Antibody Test Form
What is an antibody test?
An antibody test can tell someone whether they have had the virus that causes Covid-19 in the past, by analysing a blood sample.
What do antibody test results mean?
A positive antibody test demonstrates that someone has developed antibodies to the virus. The presence of antibodies signals that the body has staged an immune response to the virus.
Covid-19 is a new disease, and our understanding of the body’s immune response to it is limited. We do not know, for example, how long an antibody response lasts, nor whether having antibodies means you can’t transmit the virus to others.
Our understanding of the virus will grow as new scientific evidence and studies emerge.
An antibody test result can only tell an individual whether or not they have had the virus in the past. Antibody tests are also being used currently in surveillance studies, to understand what proportion of the population have already had the virus.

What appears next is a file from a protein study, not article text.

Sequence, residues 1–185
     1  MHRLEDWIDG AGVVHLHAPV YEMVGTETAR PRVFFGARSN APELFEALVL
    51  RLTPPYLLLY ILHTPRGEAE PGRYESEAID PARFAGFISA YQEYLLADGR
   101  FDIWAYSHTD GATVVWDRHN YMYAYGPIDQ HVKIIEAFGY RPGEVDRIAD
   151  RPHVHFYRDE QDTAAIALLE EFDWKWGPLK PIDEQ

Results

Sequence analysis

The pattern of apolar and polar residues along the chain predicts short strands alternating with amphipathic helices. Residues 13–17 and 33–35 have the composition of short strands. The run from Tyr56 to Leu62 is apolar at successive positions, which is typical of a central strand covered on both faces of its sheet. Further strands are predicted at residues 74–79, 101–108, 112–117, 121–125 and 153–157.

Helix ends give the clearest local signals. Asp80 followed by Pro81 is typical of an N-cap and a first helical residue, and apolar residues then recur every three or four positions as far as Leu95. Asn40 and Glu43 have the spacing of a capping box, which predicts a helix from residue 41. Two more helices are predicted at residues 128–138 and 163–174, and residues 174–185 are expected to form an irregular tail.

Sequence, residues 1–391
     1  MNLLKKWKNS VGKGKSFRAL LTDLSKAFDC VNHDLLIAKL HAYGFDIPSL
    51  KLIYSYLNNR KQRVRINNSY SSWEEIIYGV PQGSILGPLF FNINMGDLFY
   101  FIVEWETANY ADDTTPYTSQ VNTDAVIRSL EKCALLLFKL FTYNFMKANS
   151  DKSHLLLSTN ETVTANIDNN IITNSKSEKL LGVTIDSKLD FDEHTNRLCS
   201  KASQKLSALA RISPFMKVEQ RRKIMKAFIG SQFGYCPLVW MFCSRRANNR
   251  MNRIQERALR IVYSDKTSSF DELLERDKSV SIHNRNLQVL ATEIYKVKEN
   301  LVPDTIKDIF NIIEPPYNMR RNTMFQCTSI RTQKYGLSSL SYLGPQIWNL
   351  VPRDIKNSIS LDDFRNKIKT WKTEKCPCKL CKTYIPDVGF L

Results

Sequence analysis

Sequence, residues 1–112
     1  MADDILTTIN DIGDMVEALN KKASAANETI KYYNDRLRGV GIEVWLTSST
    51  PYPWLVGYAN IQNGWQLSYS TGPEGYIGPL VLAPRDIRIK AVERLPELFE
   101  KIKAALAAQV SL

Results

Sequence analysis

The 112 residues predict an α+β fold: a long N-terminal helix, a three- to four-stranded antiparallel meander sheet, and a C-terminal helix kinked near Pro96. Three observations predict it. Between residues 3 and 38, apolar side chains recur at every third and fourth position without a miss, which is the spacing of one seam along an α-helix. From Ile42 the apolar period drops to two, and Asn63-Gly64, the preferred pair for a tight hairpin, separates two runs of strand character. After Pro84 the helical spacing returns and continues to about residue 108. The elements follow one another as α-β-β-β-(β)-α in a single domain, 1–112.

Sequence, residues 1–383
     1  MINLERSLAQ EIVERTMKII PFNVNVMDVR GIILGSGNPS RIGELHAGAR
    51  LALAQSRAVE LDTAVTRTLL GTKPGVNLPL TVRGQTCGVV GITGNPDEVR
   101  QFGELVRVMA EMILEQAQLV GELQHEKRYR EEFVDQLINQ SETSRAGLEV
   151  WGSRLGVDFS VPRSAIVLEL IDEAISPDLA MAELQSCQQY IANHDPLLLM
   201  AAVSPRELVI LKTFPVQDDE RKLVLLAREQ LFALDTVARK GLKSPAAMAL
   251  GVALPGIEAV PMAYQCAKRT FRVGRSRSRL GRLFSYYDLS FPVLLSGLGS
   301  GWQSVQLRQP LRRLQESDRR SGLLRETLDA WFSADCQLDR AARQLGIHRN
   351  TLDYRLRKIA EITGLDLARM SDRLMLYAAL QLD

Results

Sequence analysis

If you test positive for antibodies, can you ignore lockdown restrictions?
No. There is no evidence yet to suggest that those who have been proven to have had the virus are immune. This is the position of the World Health Organisation.
You should continue to comply with social distancing measures and government guidelines. All infection prevention and control measures must continue to be in place irrespective of the presence of antibodies.
How will I be informed of the result?
You will be notified via email or text message when your results are available. You will be informed of the result via the portal. The results will not go on the employment record and your GP should be able to access the result if required and according to local information sharing protocols.
How will my information be used?
The anonymised results across the testing programme will provide information on the prevalence of COVID-19 in different regions of the country and help better understand how the disease spreads.
Are there any risks to having the test?
There are some risks related to having a blood test, such as feeling dizzy and faint during and after the test but nothing specific to this antibody test. Risks can also include bruising at the venepuncture site. Serious complications such as an infection at the site where blood was taken and phlebitis (swelling of the vein) are possible but generally extremely unlikely.
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